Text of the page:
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The Westpac McDermott Miller Regional Economic Confidence Index showed a net 52% of Otago households expect the regional economy to improve this year, a 20-point, or 67%, jump on the September result of 30%.
The region was rated the most optimistic in New Zealand, well ahead of Wellington on a net 35%, an eight-point rise on September. Westpac chief economist Dominick Stephens said confidence was sharply higher during the quarter largely because of record tourism numbers and higher horticultural prices.
Increasing construction activity, low unemployment and still strong house price growth were also likely to have supported a more optimistic outlook.
Recent dry weather conditions in the region did not seem to have affected economic confidence in the region but could do in the future as the impacts on agricultural production became more apparent, he said.
The survey also examined consumers’ views on their own economic situation, producing an index summarising responses to questions including how respondents viewed their own financial situation.
The Westpac McDermott Miller Consumer Confidence Index for Otago was 109 in December, down from 114 in September.
Most households in the region expected the New Zealand economy would continue to improve over the coming year, Mr Stephens said.
However, households noted more concern about the outlook for their personal finances.
As a result, many households in the Otago region were apprehensive about making large purchases, he said.
The survey contained more bad news for Southland, which slipped to a net 24% of its households being optimistic about the region’s economy compared with 45% in September.
Earlier this week, Southland households were the most pessimistic in the country about their region’s employment prospects.In the latest survey, Southland households were still more optimistic than Canterbury (19%), Taranaki-Manawatu-Whanganui (17%), Bay of Plenty (13%), Waikato (18%), Auckland (-16%) and Northland (18%).
Mr Stephens said Southland had often been one of the most optimistic regions in the country.
The fall could partly be explained by a growing sense of unease about what Government policy might mean for agriculture in the region.
The potential impact of recent dry weather in the region on agricultural production and hydro-electricity generation was a key consideration.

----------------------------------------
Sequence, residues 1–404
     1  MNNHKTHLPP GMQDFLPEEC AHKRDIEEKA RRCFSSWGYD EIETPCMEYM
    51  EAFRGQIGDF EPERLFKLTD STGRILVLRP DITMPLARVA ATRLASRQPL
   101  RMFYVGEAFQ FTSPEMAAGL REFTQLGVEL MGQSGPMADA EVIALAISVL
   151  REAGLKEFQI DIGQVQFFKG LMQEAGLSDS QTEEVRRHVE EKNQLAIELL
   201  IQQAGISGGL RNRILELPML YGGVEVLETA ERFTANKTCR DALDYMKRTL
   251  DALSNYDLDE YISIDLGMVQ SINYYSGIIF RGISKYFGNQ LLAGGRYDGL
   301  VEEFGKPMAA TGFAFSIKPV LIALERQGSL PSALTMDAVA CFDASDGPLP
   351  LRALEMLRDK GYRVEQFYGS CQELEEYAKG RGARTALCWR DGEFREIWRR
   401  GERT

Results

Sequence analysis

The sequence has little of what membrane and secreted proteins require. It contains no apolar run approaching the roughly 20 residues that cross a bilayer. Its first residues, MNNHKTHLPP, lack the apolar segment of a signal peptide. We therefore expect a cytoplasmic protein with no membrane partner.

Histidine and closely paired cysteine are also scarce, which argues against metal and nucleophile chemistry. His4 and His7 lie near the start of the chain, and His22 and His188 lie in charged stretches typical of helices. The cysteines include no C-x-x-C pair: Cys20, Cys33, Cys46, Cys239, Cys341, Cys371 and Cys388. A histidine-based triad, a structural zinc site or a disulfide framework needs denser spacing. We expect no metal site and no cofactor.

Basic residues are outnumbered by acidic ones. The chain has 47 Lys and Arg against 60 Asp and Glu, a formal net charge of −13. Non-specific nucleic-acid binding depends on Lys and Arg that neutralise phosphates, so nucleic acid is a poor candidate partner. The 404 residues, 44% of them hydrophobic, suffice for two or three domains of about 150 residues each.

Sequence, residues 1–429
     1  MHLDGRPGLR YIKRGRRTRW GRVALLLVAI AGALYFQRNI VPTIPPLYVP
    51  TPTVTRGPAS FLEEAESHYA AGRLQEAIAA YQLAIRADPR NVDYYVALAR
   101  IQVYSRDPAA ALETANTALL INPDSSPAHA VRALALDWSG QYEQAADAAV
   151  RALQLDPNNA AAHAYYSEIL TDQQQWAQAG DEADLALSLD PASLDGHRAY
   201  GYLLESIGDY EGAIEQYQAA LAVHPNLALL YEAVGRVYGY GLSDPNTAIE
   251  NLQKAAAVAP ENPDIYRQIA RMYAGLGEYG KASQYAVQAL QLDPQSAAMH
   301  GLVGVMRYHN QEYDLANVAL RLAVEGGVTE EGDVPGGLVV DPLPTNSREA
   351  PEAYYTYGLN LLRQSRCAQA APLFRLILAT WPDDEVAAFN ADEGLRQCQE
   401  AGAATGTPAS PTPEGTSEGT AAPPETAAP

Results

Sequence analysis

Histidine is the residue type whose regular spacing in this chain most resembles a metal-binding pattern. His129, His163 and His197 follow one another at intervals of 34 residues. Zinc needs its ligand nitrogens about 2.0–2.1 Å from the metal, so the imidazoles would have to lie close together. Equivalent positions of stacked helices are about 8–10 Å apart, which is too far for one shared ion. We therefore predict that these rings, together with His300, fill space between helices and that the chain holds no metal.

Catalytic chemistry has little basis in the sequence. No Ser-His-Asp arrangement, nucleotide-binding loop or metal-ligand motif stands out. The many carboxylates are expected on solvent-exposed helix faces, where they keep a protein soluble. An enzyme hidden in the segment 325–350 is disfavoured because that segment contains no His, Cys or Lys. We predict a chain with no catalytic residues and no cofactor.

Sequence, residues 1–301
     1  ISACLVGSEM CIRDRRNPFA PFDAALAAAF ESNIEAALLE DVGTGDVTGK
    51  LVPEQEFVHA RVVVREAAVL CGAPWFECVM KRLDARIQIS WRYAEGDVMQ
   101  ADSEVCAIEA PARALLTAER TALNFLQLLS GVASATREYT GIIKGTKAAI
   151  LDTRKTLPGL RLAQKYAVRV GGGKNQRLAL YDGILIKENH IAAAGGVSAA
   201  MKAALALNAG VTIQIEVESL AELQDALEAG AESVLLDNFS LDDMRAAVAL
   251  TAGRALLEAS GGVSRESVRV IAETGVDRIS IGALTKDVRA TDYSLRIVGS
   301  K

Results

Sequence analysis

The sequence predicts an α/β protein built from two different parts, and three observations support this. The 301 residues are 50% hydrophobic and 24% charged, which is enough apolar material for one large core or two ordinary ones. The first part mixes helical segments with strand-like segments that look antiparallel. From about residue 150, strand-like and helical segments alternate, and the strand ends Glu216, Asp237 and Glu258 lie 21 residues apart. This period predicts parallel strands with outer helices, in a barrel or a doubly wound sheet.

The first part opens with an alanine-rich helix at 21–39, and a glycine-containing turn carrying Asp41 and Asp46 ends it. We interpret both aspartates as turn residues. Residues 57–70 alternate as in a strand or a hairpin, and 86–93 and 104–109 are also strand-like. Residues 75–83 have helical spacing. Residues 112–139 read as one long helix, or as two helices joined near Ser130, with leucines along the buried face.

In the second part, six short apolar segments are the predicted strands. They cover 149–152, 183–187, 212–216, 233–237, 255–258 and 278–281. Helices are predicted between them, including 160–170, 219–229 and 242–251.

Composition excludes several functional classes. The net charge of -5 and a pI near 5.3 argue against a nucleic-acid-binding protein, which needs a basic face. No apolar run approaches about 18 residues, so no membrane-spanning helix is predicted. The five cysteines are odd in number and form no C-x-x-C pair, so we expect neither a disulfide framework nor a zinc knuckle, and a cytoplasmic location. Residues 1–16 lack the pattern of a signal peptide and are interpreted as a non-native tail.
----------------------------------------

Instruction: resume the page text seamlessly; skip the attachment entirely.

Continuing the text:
Southland’s consumer confidence fell to 104.6 points from 110.3 in September.
Otago Chamber of Commerce chief executive Dougal McGowan was in Invercargill yesterday talking to exporters about their prospects when contacted by the Otago Daily Times.
Low confidence in Southland had an effect on the whole region, and was one of the reasons exporters were shipping their products through Port Chalmers rather than Bluff, he said.
The chamber prepared export documents for a large number of Southland exporters and there had been a shift in their optimism outlook.
It appeared the Government was unlikely to come close to its target of planting one billion trees in 10 years, which would affect Southland. Also, the uncertainty about whether any state houses would be built was also hurting optimism in Southland, Mr McGowan said.
Tourism was keeping optimism high in Otago but there were still no clear figures on how many visitors had visited the region or how much they spent.
"[An] increasing number of tourists tends to make businesses feel more optimistic about their futures, particularly if they are small to medium-sized."
Mr McGowan said he felt uncomfortable about the level of optimism shown in the Westpac survey. The chamber had received a high number of responses to its survey, which was being collated yesterday. Usually, that indicated more people than usual were feeling unhappy.
The chamber survey results would be released next week, he said.
Mr Stephens said the close of 2017 revealed some "very different trends" in economic confidence across New Zealand.
Confidence rose in six regions in the December quarter but was down in five regions. In many cases, the drop in confidence was substantial.
Auckland stood out. Negativity was driven by developments in the housing market and concerns about what the new Government’s policies might mean for it.
The impending imposition of a regional fuel tax to fund public transport projects might have been a contributing factor, he said.
At a glance
• Otago the most optimistic in the country on economic prospects.
• Southland takes another fall in optimism.
• Government policy worries affecting confidence.
• Buoyant tourism is helping southern optimism.